•
THERAPEUTIC COMMUNITY (TC)
Barriers to quality care
Use of funds
50 Billion on corrections annually
4-6% of state budget
1-3% of corrections budget spent on
treatment

The research has provided a
conceptual framework for developing
effective correctional interventions
based on three factors:
 Risk
 Need
 Responsivity

Risk - states the most intensive and
multifaceted interventions should be
reserved for highest risk offenders.
 Need - states that criminogenic factors
must be targeted for effective treatment
with this population.
 Substance abuse is a primary
criminogenic factor.
“Responsivity” or Treatment Matching
the treatment approach used should..
“closely fit with the offender’s
characteristics, orientation and overall
interpersonal style”
Principles of Effective
Intervention








Programs should be intensive and behavioral in nature.
Programs should target known predictors of crime.
Behavioral programs will use standardized assessments to
identify the risk level, need level, and responsivity issues of
offenders.
Programs should match the characteristics of the offender,
therapists, and program.
Program contingencies and behavioral strategies should be
enforced in a firm but fair manner.
Programs should have well-qualified and well-trained staff who
can relate to the offenders.
Programs should provide relapse prevention strategies.
Programs should adhere to a high degree of advocacy and
brokerage with other agencies in the community.
Andrews & Gendreau, 1994, 1996
Effective Interventions
Not
Effective
Boot Camp
Intensive
Supervision
Generic Case
Management
Effective
Promising
Residential TC’s
Diversion
CBT
Moral
Reasoning
Contingency
Management
Medications
Drug Courts
Motivational
Interviewing
Research
Needed
Reentry
Serious Violent
Offender
Reentry
Initiative
(SVORI)
StrengthsBased Case
Management
NIDA
Social Learning Theory

Social Learning Theory: people learn and adopt
new behaviors through positive and negative
reinforcement, observation, and skill practice.
(Bandura, 1977; 1969)

SLT and Psychology of Criminal Conduct have
become the nexus of evidence-based principles
of offender rehabilitation.
The Social Learning Theory
A lifestyle change occurs in a social context
Negative patterns, attitudes, and roles were not
acquired in isolation, nor can they be altered in
isolation.
Recovery depends not only upon what has been
learned but how and where learning occurs.
This is the basis for the community as teacher.
Learning is active by doing and participating.
Self Determination Theory

Studies have shown that a person’s perception
of what is prompting the change is more
important than what is actually prompting the
change.

According to SDT, staff can increase internal
motivation for change by addressing three basic
factors:
autonomy,
competence,
and relatedness.
Autonomy

Autonomy is an individual’s perception of himself
or herself as the agent of an action (“I chose to
do this”).

When people think that they are making
changes for their own reasons, they work harder
and are more likely to stick with the new
behaviors.

Too much coercion can undermine internal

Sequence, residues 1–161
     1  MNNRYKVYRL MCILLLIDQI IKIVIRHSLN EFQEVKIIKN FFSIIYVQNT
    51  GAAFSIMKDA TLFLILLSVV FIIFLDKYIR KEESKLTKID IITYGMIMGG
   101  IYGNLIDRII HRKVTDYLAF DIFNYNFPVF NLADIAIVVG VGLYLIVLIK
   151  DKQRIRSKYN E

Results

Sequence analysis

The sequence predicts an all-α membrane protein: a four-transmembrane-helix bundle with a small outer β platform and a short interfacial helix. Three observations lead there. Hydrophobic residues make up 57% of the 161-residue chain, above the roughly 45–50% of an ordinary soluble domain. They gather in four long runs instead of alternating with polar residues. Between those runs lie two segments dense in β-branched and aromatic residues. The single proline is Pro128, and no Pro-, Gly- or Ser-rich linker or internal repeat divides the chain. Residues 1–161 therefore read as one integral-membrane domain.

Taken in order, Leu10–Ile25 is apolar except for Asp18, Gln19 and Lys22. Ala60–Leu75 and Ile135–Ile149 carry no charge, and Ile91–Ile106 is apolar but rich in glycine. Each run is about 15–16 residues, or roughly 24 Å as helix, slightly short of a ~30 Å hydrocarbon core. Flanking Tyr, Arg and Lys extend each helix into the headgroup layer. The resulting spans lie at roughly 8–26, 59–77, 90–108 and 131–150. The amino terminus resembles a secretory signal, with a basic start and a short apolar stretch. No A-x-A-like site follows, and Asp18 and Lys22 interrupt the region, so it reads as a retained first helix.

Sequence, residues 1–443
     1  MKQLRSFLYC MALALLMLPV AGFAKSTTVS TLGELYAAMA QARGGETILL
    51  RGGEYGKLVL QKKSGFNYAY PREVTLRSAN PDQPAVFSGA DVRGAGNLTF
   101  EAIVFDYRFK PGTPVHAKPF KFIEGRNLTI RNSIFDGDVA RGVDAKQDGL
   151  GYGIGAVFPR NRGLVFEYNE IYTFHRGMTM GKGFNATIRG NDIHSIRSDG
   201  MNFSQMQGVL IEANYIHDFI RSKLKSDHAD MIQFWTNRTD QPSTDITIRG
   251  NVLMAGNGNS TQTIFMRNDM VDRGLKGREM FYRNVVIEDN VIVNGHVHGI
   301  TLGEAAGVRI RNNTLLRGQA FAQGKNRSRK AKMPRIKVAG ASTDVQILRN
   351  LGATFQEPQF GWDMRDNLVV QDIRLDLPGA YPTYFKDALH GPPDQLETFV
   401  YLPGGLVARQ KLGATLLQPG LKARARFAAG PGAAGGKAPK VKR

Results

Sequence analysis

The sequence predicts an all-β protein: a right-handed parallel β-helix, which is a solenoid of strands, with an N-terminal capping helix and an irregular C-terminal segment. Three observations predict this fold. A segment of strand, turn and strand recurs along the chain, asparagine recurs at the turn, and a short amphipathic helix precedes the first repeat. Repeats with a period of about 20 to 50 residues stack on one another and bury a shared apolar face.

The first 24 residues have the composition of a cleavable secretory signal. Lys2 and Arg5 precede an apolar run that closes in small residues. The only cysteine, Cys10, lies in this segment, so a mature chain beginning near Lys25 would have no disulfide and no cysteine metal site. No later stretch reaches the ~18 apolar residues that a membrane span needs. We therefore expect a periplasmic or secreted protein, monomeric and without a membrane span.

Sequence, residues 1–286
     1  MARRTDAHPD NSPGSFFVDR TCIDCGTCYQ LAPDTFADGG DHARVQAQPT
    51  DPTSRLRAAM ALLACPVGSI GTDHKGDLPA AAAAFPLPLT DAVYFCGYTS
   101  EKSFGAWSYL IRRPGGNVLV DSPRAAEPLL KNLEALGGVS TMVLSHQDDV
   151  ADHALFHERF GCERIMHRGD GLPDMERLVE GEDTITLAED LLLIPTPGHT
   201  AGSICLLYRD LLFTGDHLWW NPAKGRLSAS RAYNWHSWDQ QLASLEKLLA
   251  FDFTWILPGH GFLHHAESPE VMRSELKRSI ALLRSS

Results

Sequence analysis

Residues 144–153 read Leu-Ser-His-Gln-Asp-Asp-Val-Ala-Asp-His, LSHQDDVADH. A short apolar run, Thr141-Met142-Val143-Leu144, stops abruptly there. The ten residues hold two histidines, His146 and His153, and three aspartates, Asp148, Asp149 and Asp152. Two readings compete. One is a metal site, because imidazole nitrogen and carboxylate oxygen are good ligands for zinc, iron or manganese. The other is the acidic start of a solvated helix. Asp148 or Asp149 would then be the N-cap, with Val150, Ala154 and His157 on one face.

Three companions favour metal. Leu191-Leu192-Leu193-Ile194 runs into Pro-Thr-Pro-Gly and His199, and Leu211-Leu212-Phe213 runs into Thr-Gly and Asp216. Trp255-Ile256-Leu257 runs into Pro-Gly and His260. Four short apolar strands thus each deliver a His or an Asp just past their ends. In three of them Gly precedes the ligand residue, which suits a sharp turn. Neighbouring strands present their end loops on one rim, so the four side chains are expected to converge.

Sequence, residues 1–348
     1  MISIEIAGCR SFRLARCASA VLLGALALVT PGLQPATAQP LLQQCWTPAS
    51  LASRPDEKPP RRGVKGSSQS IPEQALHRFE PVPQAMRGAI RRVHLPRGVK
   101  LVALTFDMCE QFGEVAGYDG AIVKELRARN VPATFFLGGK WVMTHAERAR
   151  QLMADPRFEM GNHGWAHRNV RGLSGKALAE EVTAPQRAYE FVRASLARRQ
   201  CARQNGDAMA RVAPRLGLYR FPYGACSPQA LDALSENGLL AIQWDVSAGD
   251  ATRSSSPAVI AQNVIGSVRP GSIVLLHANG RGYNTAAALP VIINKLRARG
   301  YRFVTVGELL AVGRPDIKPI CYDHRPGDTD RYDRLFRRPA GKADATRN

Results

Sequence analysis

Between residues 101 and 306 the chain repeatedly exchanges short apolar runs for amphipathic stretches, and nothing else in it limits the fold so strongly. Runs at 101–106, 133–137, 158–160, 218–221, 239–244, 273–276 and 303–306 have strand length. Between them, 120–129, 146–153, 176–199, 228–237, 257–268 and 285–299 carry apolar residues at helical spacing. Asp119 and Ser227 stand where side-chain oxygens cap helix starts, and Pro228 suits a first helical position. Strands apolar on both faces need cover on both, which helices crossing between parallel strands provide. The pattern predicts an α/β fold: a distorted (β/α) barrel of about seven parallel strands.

motivation because it makes people feel they
are being manipulated, which in turn makes
them less likely to change (Deci and Ryan,
1985).
Competence

Competence involves beliefs about confidence
(“I can do this”).

To change, a person needs to believe that
change is both important and possible.

Helping offenders set realistic goals, talking
about personal strengths, and giving positive
feedback on small successes can increase his
sense of competence.
Relatedness

Change is more likely when people are available
to support the offender.

Relatedness: powerful explanation of why
people sometimes act against their own selfinterest (Deci and Ryan, 1985). For better or
worse, people tend to behave like those with
whom they associate.

Individuals engage in prosocial behaviors
because they are meaningful to others to whom
they feel connected.
Coerced or Voluntary Treatment

Empirical evidence finds coercion does not impair
treatment and effectiveness (Sells and Simpson 1976).

Persons addicted to drugs need not to be internally
motivated at the outset of treatment to benefit from it.

In fact, such persons who are legally pressured into
treatment often have better outcomes than voluntary
clients because they are likely to stay in treatment longer
and complete treatment. (Satel, 1999).

Coerced addiction treatment typically results in
favorable outcomes among criminal populations, with
coerced convicts complying as well as those not
mandated to treatment (Miller & Flaherty, 2000).
Motivation & Outcomes

Research demonstrates that a ratio of four
positive affirmations for every, (4:1)
expression of disapproval/confrontation has
a positive effect on behavioral change. Andrews &
Bonta, 2006; Gendreau, 1996; Gendreau & Goggin, 1996; Gendreau, Little, & Goggin,
1996;Gendreau & Paparozzi, 1995.

Motivation is dynamic - affected by internal
and external factors, but internally motivated
change usually lasts longer.
Benefits of Treatment

The average offending addict commits 5 crimes per day 255 crimes per year.

In remission, following treatment offending addicts
average 64 crime days per year.

A 76% decline in crime days.
Cost-Effectiveness of Drug
Treatment

Cost to society of drug abuse = $180 billion/year

Treatment is less expensive than incarceration:

Methadone maintenance =
$4,700/yr
Residential /Outpatient tx
$7, 700 /yr
Imprisonment =
$27,000/yr
Other studies indicate that every $1 invested in
treatment can yield up to $7 in savings.